Prescriptive Analytics: Prescriptive analytics is an advanced data analytics technique that involves creating intricate models by integrating multiple data sources and utilizing machine learning to make optimal data-driven decisions.
Application of Big Data in Healthcare
Over the past few years, due to the large volumes of data generated in the healthcare domain, the popularity of big data / big data analytics tools and technologies has increased exponentially in healthcare. Big data in healthcare turns these challenges into opportunities to provide personalized care to the patients by using huge amounts of existing data. Big data can be used across different verticals of healthcare industry.
Population Health Management: Population health management is a crucial aspect of improving community health, and data analytics can play a vital role in this process. By leveraging data analytics, healthcare providers can gather demographic and clinical data from various sources to identify populations in need of care, measure the care provided, and deliver care to the right people.
Electronic Health Record (EHR) Management: One of the key applications of big data analytics in EHR management is predictive analytics. By leveraging this technology, healthcare providers can identify patterns and trends within patient data, enabling them to predict the likelihood of specific diseases or conditions. This early detection and intervention can lead to improved health outcomes for patients.
Hospital Management: Hospitals can leverage big data analytics to drive better patient outcomes, reduce costs, and enhance the overall quality of care. It is worth mentioning that hospitals generate vast amounts of data from various sources, including patient medical records, hospital records, and medical examination results. By analyzing this data, healthcare organizations can identify patterns and trends, predict patient outcomes, and develop personalized treatment plans.
Pharmaceutical Research: Big data analytics can be applied in various areas of pharmaceutical research, including drug discovery and development, precision medicine, clinical trial optimization, pharmacovigilance and drug safety, supply chain optimization, and real-time monitoring and surveillance. By analyzing large datasets from various sources, such as clinical trials, genetic data, and EHRs, big data analytics can help identify new potential drug candidates, accelerate the drug discovery process, and lead to the development of more effective and targeted medicines.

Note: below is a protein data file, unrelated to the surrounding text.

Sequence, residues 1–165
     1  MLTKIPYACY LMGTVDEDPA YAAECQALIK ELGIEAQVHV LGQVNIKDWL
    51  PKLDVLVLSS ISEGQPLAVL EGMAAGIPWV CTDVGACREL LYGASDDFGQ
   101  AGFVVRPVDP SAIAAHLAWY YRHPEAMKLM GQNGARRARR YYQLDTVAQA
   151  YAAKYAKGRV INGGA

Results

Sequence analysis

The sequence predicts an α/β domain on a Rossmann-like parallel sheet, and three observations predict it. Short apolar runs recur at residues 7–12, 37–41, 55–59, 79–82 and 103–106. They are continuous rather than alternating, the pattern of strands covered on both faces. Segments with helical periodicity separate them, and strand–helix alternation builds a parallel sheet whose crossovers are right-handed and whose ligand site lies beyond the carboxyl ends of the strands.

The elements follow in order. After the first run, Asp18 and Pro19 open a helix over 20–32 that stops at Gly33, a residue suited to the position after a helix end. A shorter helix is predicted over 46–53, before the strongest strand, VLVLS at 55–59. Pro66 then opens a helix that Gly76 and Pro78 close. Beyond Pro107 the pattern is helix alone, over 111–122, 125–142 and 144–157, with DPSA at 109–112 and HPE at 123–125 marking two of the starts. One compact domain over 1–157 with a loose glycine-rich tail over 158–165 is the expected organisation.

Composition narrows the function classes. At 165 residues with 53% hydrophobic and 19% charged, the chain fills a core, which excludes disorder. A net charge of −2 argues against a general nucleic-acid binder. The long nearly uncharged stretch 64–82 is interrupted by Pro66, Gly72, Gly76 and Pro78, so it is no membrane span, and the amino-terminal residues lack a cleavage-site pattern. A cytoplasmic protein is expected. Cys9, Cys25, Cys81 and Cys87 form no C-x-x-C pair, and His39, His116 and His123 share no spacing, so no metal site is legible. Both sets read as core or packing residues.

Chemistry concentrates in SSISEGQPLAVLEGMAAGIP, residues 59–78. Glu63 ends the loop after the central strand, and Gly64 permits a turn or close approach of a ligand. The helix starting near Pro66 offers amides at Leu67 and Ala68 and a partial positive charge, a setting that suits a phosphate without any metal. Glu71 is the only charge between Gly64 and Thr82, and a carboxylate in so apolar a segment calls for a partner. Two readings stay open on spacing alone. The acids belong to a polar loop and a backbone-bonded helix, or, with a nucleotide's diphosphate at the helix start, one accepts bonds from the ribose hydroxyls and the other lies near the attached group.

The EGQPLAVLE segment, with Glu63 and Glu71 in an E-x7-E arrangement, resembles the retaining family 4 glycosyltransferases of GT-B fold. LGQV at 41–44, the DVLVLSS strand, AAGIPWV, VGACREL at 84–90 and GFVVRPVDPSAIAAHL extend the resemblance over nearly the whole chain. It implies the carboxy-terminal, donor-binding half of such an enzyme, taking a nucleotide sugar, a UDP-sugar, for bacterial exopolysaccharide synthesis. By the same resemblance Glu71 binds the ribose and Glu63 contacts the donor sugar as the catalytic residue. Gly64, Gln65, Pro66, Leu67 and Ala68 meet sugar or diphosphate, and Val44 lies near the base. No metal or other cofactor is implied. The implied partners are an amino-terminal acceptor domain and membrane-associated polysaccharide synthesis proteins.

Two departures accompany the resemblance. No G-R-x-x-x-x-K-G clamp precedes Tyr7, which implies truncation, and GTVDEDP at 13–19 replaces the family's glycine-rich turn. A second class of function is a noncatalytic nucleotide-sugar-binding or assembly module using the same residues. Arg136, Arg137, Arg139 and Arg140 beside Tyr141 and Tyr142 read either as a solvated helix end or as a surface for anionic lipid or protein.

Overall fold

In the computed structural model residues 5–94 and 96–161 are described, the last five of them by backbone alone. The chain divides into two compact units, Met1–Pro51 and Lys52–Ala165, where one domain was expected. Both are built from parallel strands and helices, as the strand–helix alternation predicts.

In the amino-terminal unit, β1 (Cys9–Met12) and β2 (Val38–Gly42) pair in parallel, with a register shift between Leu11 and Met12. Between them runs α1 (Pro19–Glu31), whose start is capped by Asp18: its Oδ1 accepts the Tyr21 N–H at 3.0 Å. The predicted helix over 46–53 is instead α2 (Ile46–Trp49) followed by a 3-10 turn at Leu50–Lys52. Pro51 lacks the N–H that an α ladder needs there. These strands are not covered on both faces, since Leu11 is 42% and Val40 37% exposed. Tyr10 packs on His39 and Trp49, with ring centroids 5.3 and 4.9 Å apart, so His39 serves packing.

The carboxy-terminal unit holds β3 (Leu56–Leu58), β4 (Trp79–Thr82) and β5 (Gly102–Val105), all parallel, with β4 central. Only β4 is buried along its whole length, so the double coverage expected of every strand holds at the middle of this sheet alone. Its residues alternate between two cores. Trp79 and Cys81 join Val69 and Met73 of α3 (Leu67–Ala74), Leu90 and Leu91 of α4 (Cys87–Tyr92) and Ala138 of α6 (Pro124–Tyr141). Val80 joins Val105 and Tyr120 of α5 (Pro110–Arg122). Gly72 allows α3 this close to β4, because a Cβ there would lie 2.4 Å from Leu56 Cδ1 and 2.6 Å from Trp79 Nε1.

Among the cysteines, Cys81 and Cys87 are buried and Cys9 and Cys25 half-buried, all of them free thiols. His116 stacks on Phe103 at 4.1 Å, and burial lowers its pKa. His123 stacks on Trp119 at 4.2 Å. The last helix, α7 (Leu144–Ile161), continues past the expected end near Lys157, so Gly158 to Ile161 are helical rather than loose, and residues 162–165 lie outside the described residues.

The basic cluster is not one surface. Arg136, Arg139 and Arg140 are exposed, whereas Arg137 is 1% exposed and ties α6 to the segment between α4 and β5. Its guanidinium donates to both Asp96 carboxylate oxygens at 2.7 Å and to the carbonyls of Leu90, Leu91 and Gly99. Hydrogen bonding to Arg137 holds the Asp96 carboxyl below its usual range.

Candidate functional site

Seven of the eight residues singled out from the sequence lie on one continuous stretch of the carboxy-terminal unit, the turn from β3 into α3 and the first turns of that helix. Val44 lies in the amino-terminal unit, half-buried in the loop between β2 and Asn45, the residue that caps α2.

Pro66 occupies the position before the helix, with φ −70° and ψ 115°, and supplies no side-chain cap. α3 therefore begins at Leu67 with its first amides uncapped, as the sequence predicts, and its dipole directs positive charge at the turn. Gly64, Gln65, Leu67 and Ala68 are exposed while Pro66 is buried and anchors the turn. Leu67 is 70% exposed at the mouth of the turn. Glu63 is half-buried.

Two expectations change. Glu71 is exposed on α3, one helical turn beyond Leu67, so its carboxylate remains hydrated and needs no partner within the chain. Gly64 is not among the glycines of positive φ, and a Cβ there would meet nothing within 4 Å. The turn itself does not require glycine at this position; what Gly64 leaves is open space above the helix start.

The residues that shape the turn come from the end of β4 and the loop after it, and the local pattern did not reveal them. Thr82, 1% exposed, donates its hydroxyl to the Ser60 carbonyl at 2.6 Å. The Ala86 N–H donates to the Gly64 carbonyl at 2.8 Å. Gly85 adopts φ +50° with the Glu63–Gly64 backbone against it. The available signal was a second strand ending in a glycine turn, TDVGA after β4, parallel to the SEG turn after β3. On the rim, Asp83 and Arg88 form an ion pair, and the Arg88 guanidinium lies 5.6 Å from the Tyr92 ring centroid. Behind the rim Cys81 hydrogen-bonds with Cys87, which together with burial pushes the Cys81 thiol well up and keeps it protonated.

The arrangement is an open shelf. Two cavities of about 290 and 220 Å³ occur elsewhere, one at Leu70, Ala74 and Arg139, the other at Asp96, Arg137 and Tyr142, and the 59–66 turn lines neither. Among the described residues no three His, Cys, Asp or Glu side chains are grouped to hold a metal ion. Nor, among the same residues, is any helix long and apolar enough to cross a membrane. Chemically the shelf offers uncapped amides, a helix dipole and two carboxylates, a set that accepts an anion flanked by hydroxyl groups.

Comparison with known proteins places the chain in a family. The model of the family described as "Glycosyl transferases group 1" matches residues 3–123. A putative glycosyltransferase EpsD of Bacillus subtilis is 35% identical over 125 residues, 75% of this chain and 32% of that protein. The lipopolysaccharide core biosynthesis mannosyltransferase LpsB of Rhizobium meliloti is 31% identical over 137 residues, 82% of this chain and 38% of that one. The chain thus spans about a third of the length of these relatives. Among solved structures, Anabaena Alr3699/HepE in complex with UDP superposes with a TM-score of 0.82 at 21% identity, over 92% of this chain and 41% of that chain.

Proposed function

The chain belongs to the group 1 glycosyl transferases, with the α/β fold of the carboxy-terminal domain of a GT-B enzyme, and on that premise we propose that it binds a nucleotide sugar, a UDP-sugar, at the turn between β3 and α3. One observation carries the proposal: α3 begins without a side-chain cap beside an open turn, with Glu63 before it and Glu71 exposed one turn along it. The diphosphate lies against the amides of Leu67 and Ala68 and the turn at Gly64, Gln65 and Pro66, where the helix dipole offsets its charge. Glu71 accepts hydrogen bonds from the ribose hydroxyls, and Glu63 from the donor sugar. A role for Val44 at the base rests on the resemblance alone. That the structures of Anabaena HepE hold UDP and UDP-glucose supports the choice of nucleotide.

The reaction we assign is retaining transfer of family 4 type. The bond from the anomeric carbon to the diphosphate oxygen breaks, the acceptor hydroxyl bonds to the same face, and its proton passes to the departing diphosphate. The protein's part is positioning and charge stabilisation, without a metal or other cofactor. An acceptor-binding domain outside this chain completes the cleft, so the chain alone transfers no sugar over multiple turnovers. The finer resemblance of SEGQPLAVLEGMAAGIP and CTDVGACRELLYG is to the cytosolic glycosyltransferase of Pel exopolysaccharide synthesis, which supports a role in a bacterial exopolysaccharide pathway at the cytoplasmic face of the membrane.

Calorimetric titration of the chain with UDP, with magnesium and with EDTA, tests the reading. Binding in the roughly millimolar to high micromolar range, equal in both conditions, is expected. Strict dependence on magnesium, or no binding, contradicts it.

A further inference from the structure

Telemedicine and Telehealth: Through remote patient monitoring, healthcare providers can access real-time information about patients’ health conditions, enabling early detection of potential issues and timely intervention. The analysis of large volumes of patient data, including EHRs and medical imaging, empowers healthcare professionals to identify patterns, trends, and correlations, resulting in more accurate diagnoses, personalized treatment plans, and improved patient outcomes.
Supply Chain Management: The integration of big data analytics in healthcare supply chain management can significantly benefit healthcare organizations by enabling them to gather, store, analyze, and process vast amounts of data, leading to more informed decision-making processes. Big data analytics can be leveraged to optimize the supply chain by providing valuable insights into staffing schedules, inventory management, and demand forecasting.
Owing to the increasing popularity of big data in healthcare domain, there is a huge impact of big data in healthcare market size. Big data analytics is used not only in healthcare market but also being used in different sectors for the growth of the organization and to forecast future trends using machine learning and artificial intelligence. Moreover, big data has also had a considerable impact in the financial sector. Big data in healthcare domain has several advantages and the integration of predictive analytics and machine learning algorithms with big data can enable early detection of diseases, personalized treatment plans, and precision medicine.
Jayita is a Senior Business Analyst who has been a valuable member of the Roots Analysis team since 2021. She holds a bachelor’s degree in pharmaceutical sciences from a prestigious institute, which has provided her with a strong academic background. With her commitment to staying at the forefront of the healthcare and life sciences domain, she is able to effectively analyze complex datasets and provide actionable insights. Throughout her career, Jayita has contributed to over six syndicate market research reports, covering a wide range of trending domains. Some of the areas she has worked on include protein design and engineering, metabolomics services, bioavailability enhancement technologies and services, plasmid DNA manufacturing, NAMPT inhibitors, and big data analytics in healthcare domain. In addition to her expertise in market research, Jayita has also demonstrated her financial acumen through her involvement in an investor series project focused on the intriguing field of RNA therapeutics. This project highlights her ability to navigate the complex intersection of science and finance.